Saturday, March 22, 2014

Targets and Glass rods

Yeah...that about covers the targets thing.

Two really cool things today. One, I fished with Ryan. He has been coming to presentations and corresponding with me for a while, and we finally hit the water together today. With a new baby on the way (congrats Ryan!) fishing time can be tough...glad it worked out. And two...I fished an Orvis Superfine Glass Rod. Incredibly FUN to fish that 5 wt...will write more on it later but the best way to describe it is FUN! Not going to replace my H2 as a tool, but I will find a way to chase small carp with this thing often. Great fun.

As for the fishing...they are starting to wake up! I had already caught around 85 fish this year, but maybe one or two actually pulled line from the reel. They woke up today, spooked, ran, fought a was pretty nice. It is only going to get better from here!

I caught my fill on hybrids, and Ryan did well also...sticking fish on a combination of hybrids and San Juan worms. The sun beat down and the fish were active...Ryan even stuck his first mirror! The season is here folks! Get out there, find any water that will be a few degrees warmer than the surrounding water and take a peak! Thanks again for a fun day Ryan!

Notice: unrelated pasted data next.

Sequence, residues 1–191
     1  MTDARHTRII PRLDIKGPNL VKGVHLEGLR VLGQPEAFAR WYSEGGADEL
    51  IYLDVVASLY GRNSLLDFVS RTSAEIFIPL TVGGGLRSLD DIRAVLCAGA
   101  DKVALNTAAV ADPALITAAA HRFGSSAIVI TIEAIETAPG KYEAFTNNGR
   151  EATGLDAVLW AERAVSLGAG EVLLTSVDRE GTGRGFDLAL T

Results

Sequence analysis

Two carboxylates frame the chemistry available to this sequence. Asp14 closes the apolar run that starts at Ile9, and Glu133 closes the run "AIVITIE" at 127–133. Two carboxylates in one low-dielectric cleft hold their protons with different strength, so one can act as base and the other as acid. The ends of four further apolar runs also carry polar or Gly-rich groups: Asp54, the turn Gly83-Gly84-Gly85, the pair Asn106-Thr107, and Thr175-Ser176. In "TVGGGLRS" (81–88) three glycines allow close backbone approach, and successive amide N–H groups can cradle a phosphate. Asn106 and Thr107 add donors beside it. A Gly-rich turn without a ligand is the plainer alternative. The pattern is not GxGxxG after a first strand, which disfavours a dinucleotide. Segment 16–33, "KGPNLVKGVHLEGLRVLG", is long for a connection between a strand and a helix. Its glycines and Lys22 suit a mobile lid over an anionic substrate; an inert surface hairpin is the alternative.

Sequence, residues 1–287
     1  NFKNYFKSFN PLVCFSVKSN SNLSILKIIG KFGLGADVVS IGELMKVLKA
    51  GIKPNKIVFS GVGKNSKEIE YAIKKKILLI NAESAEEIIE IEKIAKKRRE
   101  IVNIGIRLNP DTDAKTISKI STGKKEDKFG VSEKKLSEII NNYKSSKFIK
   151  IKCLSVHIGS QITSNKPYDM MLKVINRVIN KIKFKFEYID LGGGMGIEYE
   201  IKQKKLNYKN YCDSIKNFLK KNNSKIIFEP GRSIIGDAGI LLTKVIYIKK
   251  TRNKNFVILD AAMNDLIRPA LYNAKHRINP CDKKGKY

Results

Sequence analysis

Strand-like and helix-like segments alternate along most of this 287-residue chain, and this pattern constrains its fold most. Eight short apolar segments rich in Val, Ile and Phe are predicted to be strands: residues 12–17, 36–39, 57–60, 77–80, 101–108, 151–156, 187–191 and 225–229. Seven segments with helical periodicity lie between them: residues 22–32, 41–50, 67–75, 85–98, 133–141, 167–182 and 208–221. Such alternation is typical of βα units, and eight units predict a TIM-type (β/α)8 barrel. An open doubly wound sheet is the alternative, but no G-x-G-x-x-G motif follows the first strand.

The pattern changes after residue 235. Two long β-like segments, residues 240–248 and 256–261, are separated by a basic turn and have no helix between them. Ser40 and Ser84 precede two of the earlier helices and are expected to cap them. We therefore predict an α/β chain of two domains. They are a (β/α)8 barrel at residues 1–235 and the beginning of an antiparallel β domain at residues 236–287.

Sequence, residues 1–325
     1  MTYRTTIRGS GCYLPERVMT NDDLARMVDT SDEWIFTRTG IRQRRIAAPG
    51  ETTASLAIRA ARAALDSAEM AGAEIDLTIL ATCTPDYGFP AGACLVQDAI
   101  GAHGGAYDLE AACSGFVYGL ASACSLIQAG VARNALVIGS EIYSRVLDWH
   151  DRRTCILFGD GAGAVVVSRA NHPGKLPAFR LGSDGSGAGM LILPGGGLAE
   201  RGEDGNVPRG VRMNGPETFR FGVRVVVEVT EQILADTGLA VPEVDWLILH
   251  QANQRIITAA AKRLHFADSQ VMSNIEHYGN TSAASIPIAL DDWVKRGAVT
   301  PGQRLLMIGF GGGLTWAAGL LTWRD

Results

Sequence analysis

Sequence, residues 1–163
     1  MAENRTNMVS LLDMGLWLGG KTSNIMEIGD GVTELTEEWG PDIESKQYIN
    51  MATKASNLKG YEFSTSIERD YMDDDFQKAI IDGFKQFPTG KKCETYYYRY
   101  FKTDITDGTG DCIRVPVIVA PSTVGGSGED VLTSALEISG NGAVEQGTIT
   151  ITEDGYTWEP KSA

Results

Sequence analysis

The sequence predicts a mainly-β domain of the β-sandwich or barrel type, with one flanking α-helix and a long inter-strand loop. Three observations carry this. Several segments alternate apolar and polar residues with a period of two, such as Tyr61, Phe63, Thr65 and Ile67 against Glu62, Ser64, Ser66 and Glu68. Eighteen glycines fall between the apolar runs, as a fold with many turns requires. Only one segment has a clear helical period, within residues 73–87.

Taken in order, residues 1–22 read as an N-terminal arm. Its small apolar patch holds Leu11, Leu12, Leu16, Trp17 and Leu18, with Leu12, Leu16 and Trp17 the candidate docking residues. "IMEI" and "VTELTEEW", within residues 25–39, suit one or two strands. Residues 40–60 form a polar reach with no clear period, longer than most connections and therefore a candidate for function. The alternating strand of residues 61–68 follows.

Wednesday, March 12, 2014

Sunday, March 02, 2014

Rule #1

Over the last couple of years this whole carp thing has really taken off. Tons of interest, from a huge range of locations and people...honestly, it has been a massive amount of fun. Carp are awesome, and more and more people are figuring that out. Good to see.

As people get more involved, there are two questions that pop up frequently. Number 1 is "where do you fish?" I have to admit here that I am not often super helpful. I grew up in MT, and as such I have lived my entire fishing life by the "show not tell" rule. Take the time to get to know me and if we can make it out to the water I am happy to show people around, but if have a tough time giving out anything other than general locations otherwise. Sorry, I know I suck...but "show not tell" is a hard thing for a Montana boy to shake.

Question #2 is simpler in many respects because I have zero issue sharing any other tips I can. I don't consider myself an expert, but I have been after carp a lot longer than many people out there and in this game experience matters. The problem with question #2 is that the answer isn't necessarily what people want to hear.